Header

UZH-Logo

Maintenance Infos

Conserved phosphorylation hotspots in eukaryotic protein domain families


Strumillo, Marta J; Oplová, Michaela; Viéitez, Cristina; Ochoa, David; Shahraz, Mohammed; Busby, Bede P; Sopko, Richelle; Studer, Romain A; Perrimon, Norbert; Panse, Vikram G; Beltrao, Pedro (2019). Conserved phosphorylation hotspots in eukaryotic protein domain families. Nature Communications, 10(1):1977.

Abstract

Protein phosphorylation is the best characterized post-translational modification that regulates almost all cellular processes through diverse mechanisms such as changing protein conformations, interactions, and localization. While the inventory for phosphorylation sites across different species has rapidly expanded, their functional role remains poorly investigated. Here, we combine 537,321 phosphosites from 40 eukaryotic species to identify highly conserved phosphorylation hotspot regions within domain families. Mapping these regions onto structural data reveals that they are often found at interfaces, near catalytic residues and tend to harbor functionally important phosphosites. Notably, functional studies of a phospho-deficient mutant in the C-terminal hotspot region within the ribosomal S11 domain in the yeast ribosomal protein uS11 shows impaired growth and defective cytoplasmic 20S pre-rRNA processing at 16 °C and 20 °C. Altogether, our study identifies phosphorylation hotspots for 162 protein domains suggestive of an ancient role for the control of diverse eukaryotic domain families.

Abstract

Protein phosphorylation is the best characterized post-translational modification that regulates almost all cellular processes through diverse mechanisms such as changing protein conformations, interactions, and localization. While the inventory for phosphorylation sites across different species has rapidly expanded, their functional role remains poorly investigated. Here, we combine 537,321 phosphosites from 40 eukaryotic species to identify highly conserved phosphorylation hotspot regions within domain families. Mapping these regions onto structural data reveals that they are often found at interfaces, near catalytic residues and tend to harbor functionally important phosphosites. Notably, functional studies of a phospho-deficient mutant in the C-terminal hotspot region within the ribosomal S11 domain in the yeast ribosomal protein uS11 shows impaired growth and defective cytoplasmic 20S pre-rRNA processing at 16 °C and 20 °C. Altogether, our study identifies phosphorylation hotspots for 162 protein domains suggestive of an ancient role for the control of diverse eukaryotic domain families.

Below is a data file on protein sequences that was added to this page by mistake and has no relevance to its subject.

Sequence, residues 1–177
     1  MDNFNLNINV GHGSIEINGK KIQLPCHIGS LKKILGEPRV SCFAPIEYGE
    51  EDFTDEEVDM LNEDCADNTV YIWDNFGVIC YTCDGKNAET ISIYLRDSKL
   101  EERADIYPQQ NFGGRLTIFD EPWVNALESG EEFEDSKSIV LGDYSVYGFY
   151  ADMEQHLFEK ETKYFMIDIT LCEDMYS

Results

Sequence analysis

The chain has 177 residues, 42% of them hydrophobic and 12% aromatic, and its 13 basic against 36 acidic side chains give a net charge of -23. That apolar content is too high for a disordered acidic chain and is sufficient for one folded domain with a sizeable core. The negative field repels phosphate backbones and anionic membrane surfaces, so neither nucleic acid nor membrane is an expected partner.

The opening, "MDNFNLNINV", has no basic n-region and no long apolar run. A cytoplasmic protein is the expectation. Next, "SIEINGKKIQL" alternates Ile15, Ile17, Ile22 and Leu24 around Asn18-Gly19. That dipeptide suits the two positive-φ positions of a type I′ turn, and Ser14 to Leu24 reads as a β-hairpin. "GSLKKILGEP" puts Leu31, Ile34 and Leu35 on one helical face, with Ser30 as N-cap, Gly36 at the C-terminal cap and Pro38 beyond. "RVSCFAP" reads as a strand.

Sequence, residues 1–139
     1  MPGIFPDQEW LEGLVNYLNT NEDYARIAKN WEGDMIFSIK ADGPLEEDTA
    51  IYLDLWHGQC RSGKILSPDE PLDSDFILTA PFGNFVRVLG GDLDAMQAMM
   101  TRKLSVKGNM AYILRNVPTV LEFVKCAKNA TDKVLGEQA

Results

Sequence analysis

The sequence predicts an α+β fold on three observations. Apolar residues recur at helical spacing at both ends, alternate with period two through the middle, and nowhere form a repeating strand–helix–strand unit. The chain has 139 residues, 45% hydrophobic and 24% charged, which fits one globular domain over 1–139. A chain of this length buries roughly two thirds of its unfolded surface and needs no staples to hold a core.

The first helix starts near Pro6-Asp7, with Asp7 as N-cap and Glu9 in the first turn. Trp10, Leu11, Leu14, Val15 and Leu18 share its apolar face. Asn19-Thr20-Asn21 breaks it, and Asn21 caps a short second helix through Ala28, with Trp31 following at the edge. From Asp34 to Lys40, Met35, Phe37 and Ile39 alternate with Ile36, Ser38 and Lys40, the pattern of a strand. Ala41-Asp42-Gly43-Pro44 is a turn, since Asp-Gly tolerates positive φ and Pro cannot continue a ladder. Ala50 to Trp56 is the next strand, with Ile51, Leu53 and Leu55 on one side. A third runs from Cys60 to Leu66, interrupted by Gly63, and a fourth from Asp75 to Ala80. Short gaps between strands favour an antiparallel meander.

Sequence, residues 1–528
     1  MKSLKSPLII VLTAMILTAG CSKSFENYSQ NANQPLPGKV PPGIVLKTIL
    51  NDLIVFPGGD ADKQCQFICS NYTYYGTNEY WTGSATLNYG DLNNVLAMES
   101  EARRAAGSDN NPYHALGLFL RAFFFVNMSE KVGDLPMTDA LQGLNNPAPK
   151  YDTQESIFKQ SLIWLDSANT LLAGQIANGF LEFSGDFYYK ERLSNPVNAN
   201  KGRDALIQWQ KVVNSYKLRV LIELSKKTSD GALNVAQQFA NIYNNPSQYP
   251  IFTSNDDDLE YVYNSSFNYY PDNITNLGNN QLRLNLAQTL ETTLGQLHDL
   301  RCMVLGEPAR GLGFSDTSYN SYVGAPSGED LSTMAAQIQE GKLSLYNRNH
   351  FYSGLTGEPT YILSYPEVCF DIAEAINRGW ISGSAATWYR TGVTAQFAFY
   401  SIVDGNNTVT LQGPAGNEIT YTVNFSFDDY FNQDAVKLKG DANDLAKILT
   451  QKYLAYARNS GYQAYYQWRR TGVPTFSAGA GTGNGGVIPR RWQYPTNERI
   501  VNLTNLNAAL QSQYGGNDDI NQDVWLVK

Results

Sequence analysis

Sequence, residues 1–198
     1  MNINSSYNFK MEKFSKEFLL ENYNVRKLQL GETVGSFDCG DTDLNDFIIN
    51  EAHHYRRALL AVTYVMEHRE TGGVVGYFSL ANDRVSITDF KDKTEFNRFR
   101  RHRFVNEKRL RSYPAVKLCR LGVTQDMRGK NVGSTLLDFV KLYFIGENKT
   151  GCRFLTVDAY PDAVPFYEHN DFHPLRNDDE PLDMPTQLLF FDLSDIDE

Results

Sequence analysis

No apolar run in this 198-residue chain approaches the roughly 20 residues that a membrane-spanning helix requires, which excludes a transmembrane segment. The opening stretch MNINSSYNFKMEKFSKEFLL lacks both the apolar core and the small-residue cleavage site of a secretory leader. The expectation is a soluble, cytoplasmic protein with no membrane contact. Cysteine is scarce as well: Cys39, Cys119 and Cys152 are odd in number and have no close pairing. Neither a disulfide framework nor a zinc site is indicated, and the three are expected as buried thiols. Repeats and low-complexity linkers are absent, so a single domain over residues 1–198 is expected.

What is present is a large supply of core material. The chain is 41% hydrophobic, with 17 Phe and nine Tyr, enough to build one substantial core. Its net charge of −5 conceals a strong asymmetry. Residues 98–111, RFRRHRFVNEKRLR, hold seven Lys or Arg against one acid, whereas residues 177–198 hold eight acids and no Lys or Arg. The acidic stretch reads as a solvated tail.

Statistics

Citations

Dimensions.ai Metrics
3 citations in Web of Science®
3 citations in Scopus®
Google Scholar™

Altmetrics

Downloads

5 downloads since deposited on 07 Jan 2020
5 downloads since 12 months
Detailed statistics

Additional indexing

Item Type:Journal Article, refereed, original work
Communities & Collections:04 Faculty of Medicine > Institute of Medical Microbiology
Dewey Decimal Classification:570 Life sciences; biology
610 Medicine & health
Scopus Subject Areas:Physical Sciences > General Chemistry
Life Sciences > General Biochemistry, Genetics and Molecular Biology
Physical Sciences > General Physics and Astronomy
Language:English
Date:29 April 2019
Deposited On:07 Jan 2020 10:36
Last Modified:22 Apr 2020 21:41
Publisher:Nature Publishing Group
ISSN:2041-1723
OA Status:Gold
Free access at:PubMed ID. An embargo period may apply.
Publisher DOI:https://doi.org/10.1038/s41467-019-09952-x
PubMed ID:31036831

Download

Gold Open Access

Download PDF  'Conserved phosphorylation hotspots in eukaryotic protein domain families'.
Preview
Content: Published Version
Filetype: PDF
Size: 4MB
View at publisher
Licence: Creative Commons: Attribution 4.0 International (CC BY 4.0)